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A Year in the Making, Evernote Announces 4x Increase in Sync Speed

Evernote

“Second brain” service Evernote has taken heat in recent weeks, with users accusing the company of working overtime to add new features at the expense of usability and speed — and at least one of those problems has now been resolved.

Evernote announced Tuesday that its synchronization between devices and computers now works four times faster than it did previously, in no small part thanks to server-side upgrades that started last year.

“When we originally designed the architecture, we only had to support a few thousand, mostly single-device users, taking text notes for themselves,” explains Evernote CEO Phil Libin. “Now, we have tens of millions of users, most using multiple devices, storing and sharing notes, photos and documents.

“Our infrastructure has grown from a dozen servers to more than 700 in multiple data centers. Our original sync architecture has held up reasonably well throughout all this growth, but we knew it wouldn’t last forever,” Libin admits.

Over the last year, Evernote techs have “completely re-engineered” how the service syncs data between devices, migrating “every single note, resource and bit of metadata onto the sync platform” — but didn’t flip the switch until recently, after conducting exhaustive testing to make sure the transition would be seamless.

“Sync now often takes a couple of seconds to complete, and when you get a new phone or computer, downloading your notes will take much less time,” Libin adds. “If you have a small account, you might not notice that much of a difference. On the other hand, if your account is large, or you’ve been using Evernote for many years, or you share notebooks with other users, or your entire company uses Evernote Business, you’ll see massive improvements.”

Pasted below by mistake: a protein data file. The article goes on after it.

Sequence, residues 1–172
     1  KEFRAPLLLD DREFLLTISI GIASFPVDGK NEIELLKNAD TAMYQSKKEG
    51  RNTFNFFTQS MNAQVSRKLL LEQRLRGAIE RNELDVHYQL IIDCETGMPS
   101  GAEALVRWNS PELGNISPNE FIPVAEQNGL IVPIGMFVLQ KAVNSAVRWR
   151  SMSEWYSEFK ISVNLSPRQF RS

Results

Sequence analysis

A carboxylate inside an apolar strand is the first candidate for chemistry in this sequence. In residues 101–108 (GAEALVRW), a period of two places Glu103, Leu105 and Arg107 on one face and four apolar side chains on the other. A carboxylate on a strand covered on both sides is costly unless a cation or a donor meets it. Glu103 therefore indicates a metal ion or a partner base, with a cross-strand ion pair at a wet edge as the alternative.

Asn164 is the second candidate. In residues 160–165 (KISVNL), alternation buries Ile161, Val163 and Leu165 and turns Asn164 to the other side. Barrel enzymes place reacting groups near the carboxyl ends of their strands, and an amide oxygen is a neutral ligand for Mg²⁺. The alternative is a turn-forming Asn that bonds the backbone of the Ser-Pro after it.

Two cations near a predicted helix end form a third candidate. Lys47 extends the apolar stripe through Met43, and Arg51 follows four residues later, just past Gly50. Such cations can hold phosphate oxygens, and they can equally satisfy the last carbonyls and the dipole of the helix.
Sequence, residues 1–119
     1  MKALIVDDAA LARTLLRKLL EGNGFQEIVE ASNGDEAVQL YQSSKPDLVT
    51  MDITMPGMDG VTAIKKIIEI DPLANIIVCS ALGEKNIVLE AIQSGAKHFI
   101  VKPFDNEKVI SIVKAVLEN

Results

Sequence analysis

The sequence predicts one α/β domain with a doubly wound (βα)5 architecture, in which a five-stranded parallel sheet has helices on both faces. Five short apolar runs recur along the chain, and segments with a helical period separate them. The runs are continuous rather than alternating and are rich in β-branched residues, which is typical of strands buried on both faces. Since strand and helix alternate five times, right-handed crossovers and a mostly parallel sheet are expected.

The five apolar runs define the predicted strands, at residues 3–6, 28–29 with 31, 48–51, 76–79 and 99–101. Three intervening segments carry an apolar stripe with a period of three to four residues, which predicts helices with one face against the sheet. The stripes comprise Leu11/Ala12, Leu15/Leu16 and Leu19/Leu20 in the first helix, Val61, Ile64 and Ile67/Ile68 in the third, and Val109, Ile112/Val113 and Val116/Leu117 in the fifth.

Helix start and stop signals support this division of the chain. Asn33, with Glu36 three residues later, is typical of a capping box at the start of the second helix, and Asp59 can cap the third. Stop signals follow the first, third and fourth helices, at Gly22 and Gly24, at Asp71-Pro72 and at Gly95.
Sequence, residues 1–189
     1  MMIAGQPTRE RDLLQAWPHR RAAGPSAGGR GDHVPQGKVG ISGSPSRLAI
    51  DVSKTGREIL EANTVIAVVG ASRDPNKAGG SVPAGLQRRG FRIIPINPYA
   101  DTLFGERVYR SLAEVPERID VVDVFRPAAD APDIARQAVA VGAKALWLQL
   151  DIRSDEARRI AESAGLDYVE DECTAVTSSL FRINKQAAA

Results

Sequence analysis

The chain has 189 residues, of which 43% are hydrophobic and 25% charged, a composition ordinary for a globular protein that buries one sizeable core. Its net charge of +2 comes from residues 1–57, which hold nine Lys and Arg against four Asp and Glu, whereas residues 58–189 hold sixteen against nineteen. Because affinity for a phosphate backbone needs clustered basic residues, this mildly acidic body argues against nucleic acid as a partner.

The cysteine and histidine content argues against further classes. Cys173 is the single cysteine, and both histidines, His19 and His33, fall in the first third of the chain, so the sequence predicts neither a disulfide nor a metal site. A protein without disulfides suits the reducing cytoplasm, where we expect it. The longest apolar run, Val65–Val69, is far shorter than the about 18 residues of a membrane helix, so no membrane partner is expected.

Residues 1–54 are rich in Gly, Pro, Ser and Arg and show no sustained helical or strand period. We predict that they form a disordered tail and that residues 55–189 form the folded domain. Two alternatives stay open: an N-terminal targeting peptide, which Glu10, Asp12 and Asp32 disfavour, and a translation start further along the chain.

Sounds like a good way to start 2014, which promises to bring even more changes to streamline Evernote. In the meantime, the company’s engineers have posted an extensive Tech Blog post detailing how the 4x increase in sync speed was accomplished, for those who enjoy the nuts and bolts of such things.

Follow this article’s author, J.R. Bookwalter on Twitter

 

Mustbin Review

We’re big fans of Evernote, the “second brain” service where you can throw nearly any scrap of paper into the cloud until it’s needed again. For certain types of personal data, however, this approach often means that you’ll spend more time searching than accessing information. Mustbin is a free app geared toward life’s most precious data – credit cards, driver’s licenses, Social Security cards, and more. However, the developers have also empowered the app as a kind of digital jack-of-all-trades that can be used for sorting photos or even password-protected accounts into digital “bins.”